joshConstitutional mootness is a threshold question for determining whether a court has jurisdiction over an appeal. It arises from the “case or controversy” requirement under Article III of the U.S. Constitution – if no “case or controversy” exists for which the court may grant effective relief, the court lacks jurisdiction and must dismiss the appeal as moot. Specifically, constitutional mootness is characterized by the occurrence of an event during the pendency of an appeal that makes it impossible for the court to grant any effective relief to a moving party, even if that party were to prevail on appeal.

A recent decision entered by the United States District Court for the District Delaware, in Orange Cnty. Water Dist. v. Fairchild Corp. (In re Fairchild Corp.), No. 10-56 (GMS) (D. Del. Dec. 17, 2014), reinforced the heightened extent to which bankruptcy appeals of orders on lift stay motions are susceptible to constitutional mootness once a subsequent event terminates the automatic stay.


In 2004, the Orange County Water District (“OCWD”) filed suit against the debtor in California Superior Court for allegedly releasing chemicals that contaminated groundwater in Orange County, California. When the debtor eventually filed for chapter 11 bankruptcy in March 2009, the yet unresolved California action was automatically stayed. Shortly after the bankruptcy filing, on May 26, 2009, the OCWD filed a motion for relief from the automatic stay to permit it to proceed with the litigation, arguing that the stay did not apply to the California action under section 362(b)(4) of the Bankruptcy Code because it involved the enforcement of the government’s “police and regulatory power.” The bankruptcy court disagreed, finding that the California action did not qualify for the section 362(b) exception to the automatic stay. Ultimately, on the eve of confirmation, the bankruptcy court entered an order on December 1, 2009, denying the OCWD’s lift stay motion.

On January 22, 2010, the OCWD timely appealed the bankruptcy court’s order denying the OCWD’s lift stay motion. Before the appeal could be heard, however, the bankruptcy court confirmed the debtor’s plan of liquidation on December 17, 2009, and the plan became effective on January 7, 2010. The confirmed plan included an injunction enjoining all parties from pursuing any outstanding claims or causes of action against the debtor.

District Court Analysis

Relying on legal principles consistently applied by courts in various jurisdictions with respect to appeals under similar circumstances, the district court found that the OCWD’s appeal must be dismissed as moot.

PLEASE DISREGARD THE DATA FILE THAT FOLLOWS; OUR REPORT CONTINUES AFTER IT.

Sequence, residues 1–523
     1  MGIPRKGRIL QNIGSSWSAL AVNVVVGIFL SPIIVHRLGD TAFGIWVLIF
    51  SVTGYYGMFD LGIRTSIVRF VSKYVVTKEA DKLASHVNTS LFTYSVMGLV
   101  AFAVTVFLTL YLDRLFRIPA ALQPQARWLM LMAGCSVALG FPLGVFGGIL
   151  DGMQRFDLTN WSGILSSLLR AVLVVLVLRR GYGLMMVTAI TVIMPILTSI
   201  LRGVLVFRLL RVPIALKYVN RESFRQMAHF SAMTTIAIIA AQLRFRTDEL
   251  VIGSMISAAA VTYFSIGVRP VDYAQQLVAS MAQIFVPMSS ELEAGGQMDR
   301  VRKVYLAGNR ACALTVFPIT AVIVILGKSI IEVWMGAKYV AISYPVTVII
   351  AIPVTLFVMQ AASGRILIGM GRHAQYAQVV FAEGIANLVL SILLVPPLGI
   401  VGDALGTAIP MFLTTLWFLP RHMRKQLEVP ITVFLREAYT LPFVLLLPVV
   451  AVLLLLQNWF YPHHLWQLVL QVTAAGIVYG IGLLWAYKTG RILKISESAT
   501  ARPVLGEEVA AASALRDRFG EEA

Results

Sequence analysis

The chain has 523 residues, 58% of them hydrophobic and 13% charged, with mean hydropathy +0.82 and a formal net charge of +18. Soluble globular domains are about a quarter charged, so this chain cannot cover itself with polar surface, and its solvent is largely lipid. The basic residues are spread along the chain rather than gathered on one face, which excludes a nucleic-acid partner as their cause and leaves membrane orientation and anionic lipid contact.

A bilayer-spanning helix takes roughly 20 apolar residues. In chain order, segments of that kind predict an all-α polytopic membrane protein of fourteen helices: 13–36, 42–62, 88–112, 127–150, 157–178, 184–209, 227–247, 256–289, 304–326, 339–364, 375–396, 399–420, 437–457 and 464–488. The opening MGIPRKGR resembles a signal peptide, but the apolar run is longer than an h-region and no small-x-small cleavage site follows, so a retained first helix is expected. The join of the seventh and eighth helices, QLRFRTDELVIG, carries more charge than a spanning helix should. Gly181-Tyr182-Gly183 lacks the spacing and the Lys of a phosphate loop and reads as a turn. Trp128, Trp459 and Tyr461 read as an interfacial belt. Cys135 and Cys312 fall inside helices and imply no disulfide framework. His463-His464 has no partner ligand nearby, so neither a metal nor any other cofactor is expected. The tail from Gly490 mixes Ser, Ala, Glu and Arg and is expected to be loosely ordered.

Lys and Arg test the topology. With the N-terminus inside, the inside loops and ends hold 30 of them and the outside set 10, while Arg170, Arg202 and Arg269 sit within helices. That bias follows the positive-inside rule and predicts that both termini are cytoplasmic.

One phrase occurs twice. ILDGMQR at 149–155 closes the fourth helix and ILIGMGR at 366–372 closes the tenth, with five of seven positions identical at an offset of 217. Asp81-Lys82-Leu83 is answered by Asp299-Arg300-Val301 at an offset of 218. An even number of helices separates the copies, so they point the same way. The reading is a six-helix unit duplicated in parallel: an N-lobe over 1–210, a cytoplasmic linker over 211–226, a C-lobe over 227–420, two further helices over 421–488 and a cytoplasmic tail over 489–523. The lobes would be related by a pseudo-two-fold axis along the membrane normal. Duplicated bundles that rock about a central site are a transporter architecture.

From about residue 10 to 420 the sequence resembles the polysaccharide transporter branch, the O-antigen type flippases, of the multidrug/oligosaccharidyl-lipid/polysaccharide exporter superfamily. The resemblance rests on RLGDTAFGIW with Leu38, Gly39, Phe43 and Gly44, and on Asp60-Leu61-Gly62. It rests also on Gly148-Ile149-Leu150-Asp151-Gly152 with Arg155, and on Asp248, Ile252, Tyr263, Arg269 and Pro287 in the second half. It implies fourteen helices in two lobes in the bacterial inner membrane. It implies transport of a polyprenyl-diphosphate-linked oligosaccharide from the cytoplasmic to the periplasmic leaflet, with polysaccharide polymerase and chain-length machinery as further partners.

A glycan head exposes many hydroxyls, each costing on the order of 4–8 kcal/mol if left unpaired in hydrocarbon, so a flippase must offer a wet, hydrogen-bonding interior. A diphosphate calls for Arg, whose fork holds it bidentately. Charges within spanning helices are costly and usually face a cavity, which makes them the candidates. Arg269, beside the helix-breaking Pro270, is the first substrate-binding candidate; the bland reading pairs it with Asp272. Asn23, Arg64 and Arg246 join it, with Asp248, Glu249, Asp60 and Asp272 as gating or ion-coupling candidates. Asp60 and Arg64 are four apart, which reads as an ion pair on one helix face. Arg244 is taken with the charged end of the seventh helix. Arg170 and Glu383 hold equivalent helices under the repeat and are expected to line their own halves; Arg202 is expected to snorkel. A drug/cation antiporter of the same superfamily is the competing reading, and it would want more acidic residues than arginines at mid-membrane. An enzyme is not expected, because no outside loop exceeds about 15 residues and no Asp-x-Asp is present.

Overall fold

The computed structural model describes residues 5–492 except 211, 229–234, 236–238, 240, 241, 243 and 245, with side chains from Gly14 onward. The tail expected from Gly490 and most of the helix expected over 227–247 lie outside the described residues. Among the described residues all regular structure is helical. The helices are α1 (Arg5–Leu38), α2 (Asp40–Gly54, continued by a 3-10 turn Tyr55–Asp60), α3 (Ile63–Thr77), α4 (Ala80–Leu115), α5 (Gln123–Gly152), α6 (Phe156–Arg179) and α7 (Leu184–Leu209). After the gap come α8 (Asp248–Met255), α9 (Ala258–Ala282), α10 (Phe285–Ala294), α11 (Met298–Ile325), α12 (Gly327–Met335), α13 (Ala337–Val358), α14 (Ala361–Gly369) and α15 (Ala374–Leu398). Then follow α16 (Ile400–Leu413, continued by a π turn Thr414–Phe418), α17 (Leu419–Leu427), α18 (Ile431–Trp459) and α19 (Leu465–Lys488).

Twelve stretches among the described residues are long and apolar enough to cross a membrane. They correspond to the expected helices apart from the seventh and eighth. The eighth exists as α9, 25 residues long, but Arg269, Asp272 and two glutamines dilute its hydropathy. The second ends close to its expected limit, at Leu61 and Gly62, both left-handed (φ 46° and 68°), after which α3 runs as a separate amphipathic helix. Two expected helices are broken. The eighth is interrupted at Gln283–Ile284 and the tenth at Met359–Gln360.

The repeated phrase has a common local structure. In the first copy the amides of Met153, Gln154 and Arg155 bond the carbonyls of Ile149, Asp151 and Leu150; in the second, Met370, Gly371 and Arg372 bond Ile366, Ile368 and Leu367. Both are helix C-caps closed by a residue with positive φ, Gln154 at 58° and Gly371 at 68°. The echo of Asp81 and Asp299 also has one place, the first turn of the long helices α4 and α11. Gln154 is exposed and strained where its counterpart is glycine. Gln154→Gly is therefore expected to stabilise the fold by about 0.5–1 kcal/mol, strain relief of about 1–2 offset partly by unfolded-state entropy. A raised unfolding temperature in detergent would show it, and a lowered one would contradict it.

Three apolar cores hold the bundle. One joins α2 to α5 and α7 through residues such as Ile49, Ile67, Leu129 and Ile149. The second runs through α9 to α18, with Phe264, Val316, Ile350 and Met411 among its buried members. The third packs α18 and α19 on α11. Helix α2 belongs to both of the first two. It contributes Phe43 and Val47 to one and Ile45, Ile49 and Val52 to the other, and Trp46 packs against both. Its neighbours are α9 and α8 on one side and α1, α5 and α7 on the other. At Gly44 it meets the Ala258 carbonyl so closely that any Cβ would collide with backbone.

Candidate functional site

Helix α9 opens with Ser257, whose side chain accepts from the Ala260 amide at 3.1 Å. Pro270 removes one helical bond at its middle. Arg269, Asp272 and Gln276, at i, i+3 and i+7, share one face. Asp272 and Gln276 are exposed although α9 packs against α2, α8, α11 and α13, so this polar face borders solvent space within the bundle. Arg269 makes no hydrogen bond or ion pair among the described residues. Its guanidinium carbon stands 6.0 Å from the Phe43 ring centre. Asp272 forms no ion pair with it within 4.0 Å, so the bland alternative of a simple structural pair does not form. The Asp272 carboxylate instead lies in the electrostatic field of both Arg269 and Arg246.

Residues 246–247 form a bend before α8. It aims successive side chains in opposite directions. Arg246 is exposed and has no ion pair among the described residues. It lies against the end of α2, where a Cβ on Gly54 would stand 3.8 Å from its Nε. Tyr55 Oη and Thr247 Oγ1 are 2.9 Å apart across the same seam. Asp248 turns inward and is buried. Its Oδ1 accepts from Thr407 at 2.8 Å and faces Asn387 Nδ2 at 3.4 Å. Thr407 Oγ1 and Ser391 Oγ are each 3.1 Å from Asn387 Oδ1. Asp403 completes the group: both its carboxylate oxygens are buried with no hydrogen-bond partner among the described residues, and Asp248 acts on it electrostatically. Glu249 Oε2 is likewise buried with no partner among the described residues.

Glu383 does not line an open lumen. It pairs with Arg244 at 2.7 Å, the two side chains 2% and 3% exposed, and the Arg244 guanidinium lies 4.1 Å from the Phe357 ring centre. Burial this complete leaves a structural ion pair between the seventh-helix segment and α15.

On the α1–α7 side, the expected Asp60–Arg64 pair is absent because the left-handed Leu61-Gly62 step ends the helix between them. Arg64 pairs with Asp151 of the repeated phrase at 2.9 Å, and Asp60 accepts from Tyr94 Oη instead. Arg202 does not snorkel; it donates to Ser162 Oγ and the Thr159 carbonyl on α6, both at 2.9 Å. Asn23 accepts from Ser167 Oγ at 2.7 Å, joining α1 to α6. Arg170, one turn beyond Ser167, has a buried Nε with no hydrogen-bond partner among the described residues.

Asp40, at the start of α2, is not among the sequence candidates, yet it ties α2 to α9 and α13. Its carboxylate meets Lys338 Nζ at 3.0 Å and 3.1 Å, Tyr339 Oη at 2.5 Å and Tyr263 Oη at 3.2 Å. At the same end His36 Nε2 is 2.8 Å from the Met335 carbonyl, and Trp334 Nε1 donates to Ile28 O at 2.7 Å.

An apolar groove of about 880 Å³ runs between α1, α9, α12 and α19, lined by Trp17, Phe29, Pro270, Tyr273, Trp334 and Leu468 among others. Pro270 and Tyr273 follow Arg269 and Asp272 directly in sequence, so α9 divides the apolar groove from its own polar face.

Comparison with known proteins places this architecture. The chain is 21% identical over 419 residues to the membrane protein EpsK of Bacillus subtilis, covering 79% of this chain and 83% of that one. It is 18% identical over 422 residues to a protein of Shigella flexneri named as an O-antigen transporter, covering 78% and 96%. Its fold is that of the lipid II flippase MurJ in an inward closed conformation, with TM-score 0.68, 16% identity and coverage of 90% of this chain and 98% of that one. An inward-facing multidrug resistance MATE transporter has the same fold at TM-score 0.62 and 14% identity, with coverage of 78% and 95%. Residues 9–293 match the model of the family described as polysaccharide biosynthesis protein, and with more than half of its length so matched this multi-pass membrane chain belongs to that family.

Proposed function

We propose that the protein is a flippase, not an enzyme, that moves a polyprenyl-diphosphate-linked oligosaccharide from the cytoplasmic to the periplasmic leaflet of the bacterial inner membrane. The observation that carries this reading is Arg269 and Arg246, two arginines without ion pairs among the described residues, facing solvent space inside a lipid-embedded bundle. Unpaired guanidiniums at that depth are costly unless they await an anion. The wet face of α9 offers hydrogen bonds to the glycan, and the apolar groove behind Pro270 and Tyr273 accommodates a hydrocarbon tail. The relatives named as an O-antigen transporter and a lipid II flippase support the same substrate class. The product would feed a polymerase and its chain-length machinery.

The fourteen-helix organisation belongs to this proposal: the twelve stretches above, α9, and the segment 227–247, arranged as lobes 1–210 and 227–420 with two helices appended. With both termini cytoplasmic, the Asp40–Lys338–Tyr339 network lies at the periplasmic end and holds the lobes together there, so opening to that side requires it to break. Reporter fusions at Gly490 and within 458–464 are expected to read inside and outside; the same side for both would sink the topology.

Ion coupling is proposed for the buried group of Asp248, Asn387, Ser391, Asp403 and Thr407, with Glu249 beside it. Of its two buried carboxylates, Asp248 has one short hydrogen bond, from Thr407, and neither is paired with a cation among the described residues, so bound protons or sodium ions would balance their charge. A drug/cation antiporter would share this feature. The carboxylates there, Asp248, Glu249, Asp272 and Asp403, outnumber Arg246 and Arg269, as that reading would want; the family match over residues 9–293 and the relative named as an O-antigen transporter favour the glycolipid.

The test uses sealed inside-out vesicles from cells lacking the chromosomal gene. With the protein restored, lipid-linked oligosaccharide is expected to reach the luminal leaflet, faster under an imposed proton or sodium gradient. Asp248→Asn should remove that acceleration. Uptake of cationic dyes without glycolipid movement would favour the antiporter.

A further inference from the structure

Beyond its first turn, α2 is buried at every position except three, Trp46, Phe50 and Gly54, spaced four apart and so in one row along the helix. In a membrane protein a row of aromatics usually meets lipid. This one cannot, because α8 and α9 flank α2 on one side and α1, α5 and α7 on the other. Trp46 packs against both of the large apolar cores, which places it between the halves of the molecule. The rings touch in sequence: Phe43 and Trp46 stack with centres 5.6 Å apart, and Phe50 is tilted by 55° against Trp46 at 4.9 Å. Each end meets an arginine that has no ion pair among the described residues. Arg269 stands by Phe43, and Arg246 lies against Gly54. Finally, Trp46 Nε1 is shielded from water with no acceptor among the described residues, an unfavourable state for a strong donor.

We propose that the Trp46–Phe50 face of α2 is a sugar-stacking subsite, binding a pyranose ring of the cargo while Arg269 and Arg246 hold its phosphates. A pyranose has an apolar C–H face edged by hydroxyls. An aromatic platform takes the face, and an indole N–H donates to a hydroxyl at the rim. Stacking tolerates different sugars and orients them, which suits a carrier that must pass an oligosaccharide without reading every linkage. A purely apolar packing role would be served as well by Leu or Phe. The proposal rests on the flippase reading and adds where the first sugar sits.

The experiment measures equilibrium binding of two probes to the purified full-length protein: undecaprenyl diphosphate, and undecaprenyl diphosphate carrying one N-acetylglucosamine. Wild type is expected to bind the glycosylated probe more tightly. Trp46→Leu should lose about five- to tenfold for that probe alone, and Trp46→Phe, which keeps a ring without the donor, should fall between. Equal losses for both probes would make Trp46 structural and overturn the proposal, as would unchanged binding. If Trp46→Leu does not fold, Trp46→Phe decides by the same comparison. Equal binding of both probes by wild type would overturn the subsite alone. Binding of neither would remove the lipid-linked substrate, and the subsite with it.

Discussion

The district court established that an appeal from a bankruptcy court’s order granting or denying a lift-stay motion becomes moot when the automatic stay is subsequently lifted or terminated by operation of law. In this instance, the district court found that the automatic stay had been fully lifted by operation of law no later than the effective date of the debtor’s plan. Indeed, under section 362(c) of the Bankruptcy Code, the automatic stay terminated upon the entry of the order confirming the debtor’s plan of liquidation. Moreover, the debtor’s confirmed plan specifically stated that all stays imposed in the debtor’s chapter 11 cases would only remain in effect until the effective date. Thus, as of the date the appeal was heard, the automatic stay was no longer in place.

Based on its finding that the automatic stay had been terminated prior to date on which the appeal was heard – and, in the absence of the OCWD’s appeal of the confirmation order, would remain terminated regardless of whether the district court overturned the bankruptcy court’s order – the district court concluded that it was unable to grant any effective relief to the OCWD. Accordingly, the district court dismissed the appeal as moot and did not consider any of the OCWD’s remaining substantive arguments.


This case serves as a refresher on the application of constitutional mootness in the context of bankruptcy appeals. Parties appealing bankruptcy orders enforcing, or terminating, the automatic stay are particularly susceptible to having those appeals rendered constitutionally moot by virtue of subsequent case developments including the stay’s termination upon the confirmation of a plan.